Chronic fatigue syndrome (CFS) is a serious health problem in the United States. It is estimated that the prevalence rate in the United States is as much as 250/100,000 persons. No specific treatment has been identified. Recent observations suggest a strong association between CFS and a treatable disorder in the regulation of blood pressure known as neurally-mediated hypotension (NMH). In small unblinded studies, treatment with fludrocortisone and other medications directed against NMH has appeared to be beneficial, with 40% of treated patients reporting an almost complete resolution of symptoms and another 30% reporting some improvement.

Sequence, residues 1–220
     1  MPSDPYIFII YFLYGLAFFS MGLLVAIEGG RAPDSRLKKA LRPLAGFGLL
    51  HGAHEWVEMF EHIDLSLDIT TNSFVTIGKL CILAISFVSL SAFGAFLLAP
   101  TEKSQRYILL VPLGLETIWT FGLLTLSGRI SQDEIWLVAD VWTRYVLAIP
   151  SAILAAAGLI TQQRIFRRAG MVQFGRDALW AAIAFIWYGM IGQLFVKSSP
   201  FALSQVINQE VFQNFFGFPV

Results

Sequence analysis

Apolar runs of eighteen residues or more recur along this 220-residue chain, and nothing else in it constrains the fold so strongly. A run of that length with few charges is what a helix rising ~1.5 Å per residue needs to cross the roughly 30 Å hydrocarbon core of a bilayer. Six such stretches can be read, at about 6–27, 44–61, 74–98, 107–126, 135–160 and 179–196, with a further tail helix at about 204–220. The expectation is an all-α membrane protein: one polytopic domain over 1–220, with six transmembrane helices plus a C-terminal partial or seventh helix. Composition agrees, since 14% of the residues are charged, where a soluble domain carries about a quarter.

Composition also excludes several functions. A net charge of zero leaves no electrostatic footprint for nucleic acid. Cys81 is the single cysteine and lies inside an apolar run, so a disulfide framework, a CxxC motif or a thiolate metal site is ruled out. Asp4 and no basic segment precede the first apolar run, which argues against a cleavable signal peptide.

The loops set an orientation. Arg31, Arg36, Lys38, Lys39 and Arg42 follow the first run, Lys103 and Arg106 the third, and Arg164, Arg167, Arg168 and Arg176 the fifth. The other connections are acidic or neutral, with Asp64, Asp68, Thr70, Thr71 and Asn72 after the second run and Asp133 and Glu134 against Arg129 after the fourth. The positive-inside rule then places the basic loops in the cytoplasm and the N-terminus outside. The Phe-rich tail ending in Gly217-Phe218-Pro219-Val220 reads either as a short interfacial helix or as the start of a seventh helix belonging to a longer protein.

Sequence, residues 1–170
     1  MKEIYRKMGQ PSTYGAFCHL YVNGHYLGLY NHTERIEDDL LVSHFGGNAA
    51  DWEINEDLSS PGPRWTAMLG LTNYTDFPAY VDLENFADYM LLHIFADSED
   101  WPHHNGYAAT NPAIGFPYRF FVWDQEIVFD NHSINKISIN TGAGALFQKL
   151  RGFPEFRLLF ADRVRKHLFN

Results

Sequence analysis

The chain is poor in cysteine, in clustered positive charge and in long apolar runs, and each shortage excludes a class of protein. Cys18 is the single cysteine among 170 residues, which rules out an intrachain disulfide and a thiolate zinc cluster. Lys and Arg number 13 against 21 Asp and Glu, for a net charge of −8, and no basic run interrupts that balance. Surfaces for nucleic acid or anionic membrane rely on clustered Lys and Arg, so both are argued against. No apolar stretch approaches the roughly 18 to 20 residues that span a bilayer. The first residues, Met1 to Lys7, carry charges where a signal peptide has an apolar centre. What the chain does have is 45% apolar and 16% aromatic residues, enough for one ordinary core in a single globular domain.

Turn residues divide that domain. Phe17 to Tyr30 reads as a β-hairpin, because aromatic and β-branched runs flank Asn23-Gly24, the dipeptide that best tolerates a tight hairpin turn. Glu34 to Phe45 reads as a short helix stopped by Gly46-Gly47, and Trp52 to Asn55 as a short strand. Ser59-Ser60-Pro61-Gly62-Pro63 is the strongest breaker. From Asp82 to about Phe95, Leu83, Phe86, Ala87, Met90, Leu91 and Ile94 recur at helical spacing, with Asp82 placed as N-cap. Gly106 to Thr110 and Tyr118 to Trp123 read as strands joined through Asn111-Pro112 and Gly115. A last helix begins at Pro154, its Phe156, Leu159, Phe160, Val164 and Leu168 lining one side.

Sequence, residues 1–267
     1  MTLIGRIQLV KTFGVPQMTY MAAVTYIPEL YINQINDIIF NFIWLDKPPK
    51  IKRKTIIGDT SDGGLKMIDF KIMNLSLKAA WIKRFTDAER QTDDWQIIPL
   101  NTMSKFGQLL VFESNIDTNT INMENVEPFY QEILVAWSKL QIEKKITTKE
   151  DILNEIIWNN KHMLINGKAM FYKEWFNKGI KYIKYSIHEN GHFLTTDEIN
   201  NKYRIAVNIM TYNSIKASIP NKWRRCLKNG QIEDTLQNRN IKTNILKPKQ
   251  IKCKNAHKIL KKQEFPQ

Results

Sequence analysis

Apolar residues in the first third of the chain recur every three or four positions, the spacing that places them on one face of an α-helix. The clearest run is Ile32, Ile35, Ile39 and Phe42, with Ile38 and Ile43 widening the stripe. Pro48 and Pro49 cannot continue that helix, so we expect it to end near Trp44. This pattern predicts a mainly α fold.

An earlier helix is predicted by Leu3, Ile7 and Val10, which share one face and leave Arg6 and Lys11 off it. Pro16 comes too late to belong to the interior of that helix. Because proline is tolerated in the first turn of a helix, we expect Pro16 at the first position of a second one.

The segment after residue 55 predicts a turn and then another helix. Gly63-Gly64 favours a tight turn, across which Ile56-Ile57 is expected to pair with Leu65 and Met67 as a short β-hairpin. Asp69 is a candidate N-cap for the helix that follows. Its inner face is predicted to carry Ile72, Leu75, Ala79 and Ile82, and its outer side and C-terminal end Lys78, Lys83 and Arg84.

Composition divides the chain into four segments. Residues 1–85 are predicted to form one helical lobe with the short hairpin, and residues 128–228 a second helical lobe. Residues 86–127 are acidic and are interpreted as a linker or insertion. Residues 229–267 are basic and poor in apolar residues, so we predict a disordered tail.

The specific aim of this randomized double blind, placebo-controlled trial is to determine whether fludrocortisone is efficacious for those with CFS. In this study, we randomized 100 adults with CFS and NMH, as defined by abnormal responses to postural challenge (tilt table test), to receive either fludrocortisone or placebo. The participants completed self-assessment forms on mood, energy, activity, and performance. The primary indicator of efficacy is a 15-point improvement (on a scale of 1 to 100) in the general sense of well being score. All subjects were 18-49 years of age who satisfy the 1994 CDC criteria for CFS, had undergone a medical evaluation to exclude other causes of CFS, and had hypotension provoked during stage 1 or 2 of an upright tilt table test. Together with our collaborators at Johns Hopkins, we screened 171 subjects, finding 62% of them to have abnormal tilt tests. All 100 eligible subjects were enrolled. The blinded treatment was well tolerated with no serious adverse reactions, nor concerns of our Data and Safety Monitoring Board. The study data were analyzed and were reported at the American College of Cardiology annual scientific meeting in March, 2000. The work has been submitted for publication. The study is, otherwise, terminated.